Concussion is an injury that is generally ignored as a medical and health concern, but is an injury that needs to be taken more seriously as it can have consequential long-term effects. The fact that damage to the brain or the functioning of the brain can be detected after concussions means we should be more aware of how to prevent, treat and diagnose this serious injury.
Who needs to be educated on concussion?
* Athletes * Coaches
* First aiders * Teachers
* Parents * GPs
* Physiotherapists * Emergency medical staff
* General public
What is concussion?
- Concussion is a traumatic injury to the brain causing temporary disturbance of how the brain functions.
- Concussions are usually caused by direct impacts to the head, but can also be caused without the head being involved, indirect impacts, such as whiplash. Any impacts to the body or the head which cause violent rotational or forward and backward movements of the head can cause a concussion injury.
- Concussions do not only occur in contact sport, they have been seen in sports such as water polo, hockey, gymnastics, cycling and table tennis and they do not only occur in sports, incidents such as car accidents or even going on roller coasters can cause concussion
- Concussions are potentially serious, but up to 90% of people recover fully. It must be noted that every concussion injures your brain to some extent and so is potentially serious.
- A repeat concussion before a previous one has resolved can lead to brain swelling and even death. This is known as Second Impact Syndrome and has seen the loss of lives in a number of athletes around the world. Injuries to the brain are the most common cause of death in sport.
- Loss of consciousness occurs in only 8% of cases, in 92% of them it DOES NOT. Due to this, most people are unaware that they have a concussion and this is where the danger lies. Concussions are generally missed, undiagnosed or blatantly ignored as a serious injury.
- Concussion symptoms can be delayed, occurring hours or days after the concussion has occurred.
- One concussion increases your risk of another just like any other injury to the body and you’re 3 (three) times more likely to sustain a second concussion in the same season.
- Concussion presents in many different ways depending on the area of the brain that’s been injured, you don’t have to lose consciousness or memory to have a concussion.
- X-rays and brain scans cannot rule out a concussion. Remember, concussion is an injury to the brain causing disturbance of brain function, X-rays and scans cannot look at brain function, they can only pick up potential fractures to the skull or soft tissue damage such as bleeding, so just because they’re normal does not mean you do not have a concussion, you could still have a serious injury .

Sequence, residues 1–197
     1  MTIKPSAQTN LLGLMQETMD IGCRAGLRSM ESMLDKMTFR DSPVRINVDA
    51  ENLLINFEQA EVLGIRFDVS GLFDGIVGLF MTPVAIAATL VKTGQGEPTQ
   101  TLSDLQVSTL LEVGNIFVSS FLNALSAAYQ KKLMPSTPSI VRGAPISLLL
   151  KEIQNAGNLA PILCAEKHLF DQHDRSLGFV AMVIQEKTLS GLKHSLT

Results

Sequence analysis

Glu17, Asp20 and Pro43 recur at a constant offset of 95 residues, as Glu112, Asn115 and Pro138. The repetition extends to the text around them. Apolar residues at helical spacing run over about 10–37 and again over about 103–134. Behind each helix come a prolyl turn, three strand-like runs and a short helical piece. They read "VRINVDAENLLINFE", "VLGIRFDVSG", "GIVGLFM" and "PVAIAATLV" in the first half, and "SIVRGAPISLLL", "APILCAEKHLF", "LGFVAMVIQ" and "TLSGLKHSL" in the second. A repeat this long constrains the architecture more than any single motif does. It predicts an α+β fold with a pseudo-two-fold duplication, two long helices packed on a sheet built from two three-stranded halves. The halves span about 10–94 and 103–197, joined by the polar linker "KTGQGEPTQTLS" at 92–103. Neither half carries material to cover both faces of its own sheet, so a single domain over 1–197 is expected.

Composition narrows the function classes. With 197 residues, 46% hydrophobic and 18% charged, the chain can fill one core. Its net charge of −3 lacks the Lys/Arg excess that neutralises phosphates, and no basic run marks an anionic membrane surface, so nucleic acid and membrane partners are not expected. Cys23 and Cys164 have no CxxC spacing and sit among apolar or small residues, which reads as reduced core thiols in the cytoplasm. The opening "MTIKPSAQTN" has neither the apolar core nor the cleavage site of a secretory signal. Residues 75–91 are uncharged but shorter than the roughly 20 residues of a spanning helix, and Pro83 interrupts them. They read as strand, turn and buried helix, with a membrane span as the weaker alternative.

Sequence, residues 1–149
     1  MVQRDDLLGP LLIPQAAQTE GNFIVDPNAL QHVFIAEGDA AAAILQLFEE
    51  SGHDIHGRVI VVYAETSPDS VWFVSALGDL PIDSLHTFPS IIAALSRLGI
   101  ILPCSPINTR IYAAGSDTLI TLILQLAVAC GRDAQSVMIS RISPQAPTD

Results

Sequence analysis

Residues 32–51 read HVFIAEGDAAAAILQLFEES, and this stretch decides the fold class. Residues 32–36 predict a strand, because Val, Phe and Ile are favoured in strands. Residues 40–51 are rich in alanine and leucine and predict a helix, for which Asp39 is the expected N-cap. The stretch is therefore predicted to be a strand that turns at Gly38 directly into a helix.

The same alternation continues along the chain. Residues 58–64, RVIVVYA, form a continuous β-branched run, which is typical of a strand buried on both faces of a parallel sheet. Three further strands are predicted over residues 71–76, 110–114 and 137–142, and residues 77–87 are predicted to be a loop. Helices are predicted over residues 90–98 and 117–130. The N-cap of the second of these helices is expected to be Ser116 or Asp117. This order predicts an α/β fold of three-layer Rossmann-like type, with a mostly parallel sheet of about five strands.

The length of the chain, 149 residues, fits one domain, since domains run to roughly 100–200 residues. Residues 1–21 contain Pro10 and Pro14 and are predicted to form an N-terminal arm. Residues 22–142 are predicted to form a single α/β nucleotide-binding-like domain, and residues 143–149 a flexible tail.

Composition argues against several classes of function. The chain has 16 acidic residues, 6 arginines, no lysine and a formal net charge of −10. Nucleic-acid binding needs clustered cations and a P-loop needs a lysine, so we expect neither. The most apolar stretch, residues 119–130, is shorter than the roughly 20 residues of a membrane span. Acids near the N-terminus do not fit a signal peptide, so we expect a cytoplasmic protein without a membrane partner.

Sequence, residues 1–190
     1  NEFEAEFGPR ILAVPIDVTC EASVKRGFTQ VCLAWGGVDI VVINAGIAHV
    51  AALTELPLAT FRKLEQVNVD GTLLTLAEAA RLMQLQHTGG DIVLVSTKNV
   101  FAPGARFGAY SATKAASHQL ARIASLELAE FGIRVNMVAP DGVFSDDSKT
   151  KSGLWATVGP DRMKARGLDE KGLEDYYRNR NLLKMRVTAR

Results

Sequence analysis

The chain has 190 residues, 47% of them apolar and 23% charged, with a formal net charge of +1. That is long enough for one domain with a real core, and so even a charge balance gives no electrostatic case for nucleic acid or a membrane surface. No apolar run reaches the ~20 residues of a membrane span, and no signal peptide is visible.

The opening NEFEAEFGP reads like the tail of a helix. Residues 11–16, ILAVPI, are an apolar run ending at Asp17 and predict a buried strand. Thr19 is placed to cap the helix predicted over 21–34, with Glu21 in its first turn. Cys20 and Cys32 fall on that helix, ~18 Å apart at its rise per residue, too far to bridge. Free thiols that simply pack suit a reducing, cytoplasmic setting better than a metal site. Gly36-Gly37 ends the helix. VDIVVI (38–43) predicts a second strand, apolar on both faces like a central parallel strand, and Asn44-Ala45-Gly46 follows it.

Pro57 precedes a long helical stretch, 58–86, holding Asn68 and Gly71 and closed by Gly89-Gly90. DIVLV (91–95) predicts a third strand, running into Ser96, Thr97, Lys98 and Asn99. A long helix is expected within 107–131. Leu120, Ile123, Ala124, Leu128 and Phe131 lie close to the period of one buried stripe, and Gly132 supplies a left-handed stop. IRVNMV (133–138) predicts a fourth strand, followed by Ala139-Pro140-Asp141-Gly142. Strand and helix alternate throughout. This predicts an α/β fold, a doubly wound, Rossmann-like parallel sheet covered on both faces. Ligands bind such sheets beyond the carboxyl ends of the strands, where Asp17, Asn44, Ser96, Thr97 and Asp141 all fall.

|Headache or “pressure in head”||Appears dazed or stunned|
|Nausea or vomiting||Imbalanced or unsteady|
|Ringing in ears||Confused or disorientated|
|Unsteadiness or dizziness||Loss of consciousness|
|Blurred or double vision, seeing starts or lights||Seizure / fit|
|Sensitivity to light or noise||Poor play ability, clumsiness, slowed reactions|
|Poor concentration||Answers questions slowly, slurred speech|
|Symptoms worsened with reading / TV / PC||Behavioural or personality changes|
|Feelings of being groggy, hazy, foggy||Can’t remember events before or after injury|
|Poor memory||Poor classroom performance|
|Drowsiness, sleep disturbances, excessive tiredness|
|Numbness or weakness of limbs|
|Feelings of being sad|
- The severity of a concussion is not related to the severity of the signs and symptoms. The severity is determined by how long it takes for the concussion to resolve completely
- Go to the hospital immediately if signs or symptoms deteriorate or new ones appear.
- DO NOT drink, drive, take medication, go to nightclubs, watch TV, gym or go back to exercise, sport or training.
Return to Play
When it comes to rugby related concussion, the IRB rule is three weeks NO play regardless of when signs and symptoms have resolved. I would apply this rule to all sports and all concussion. A concussion is a concussion, regardless of how it came about and the only way to treat this injury is REST!
Article sponsored by Health International
Article by Kristy Delport. Kristy is a Zimbabwe and South Africa registered Biokineticist. You can contact her using email or phone at firstname.lastname@example.org and 0775 463 191.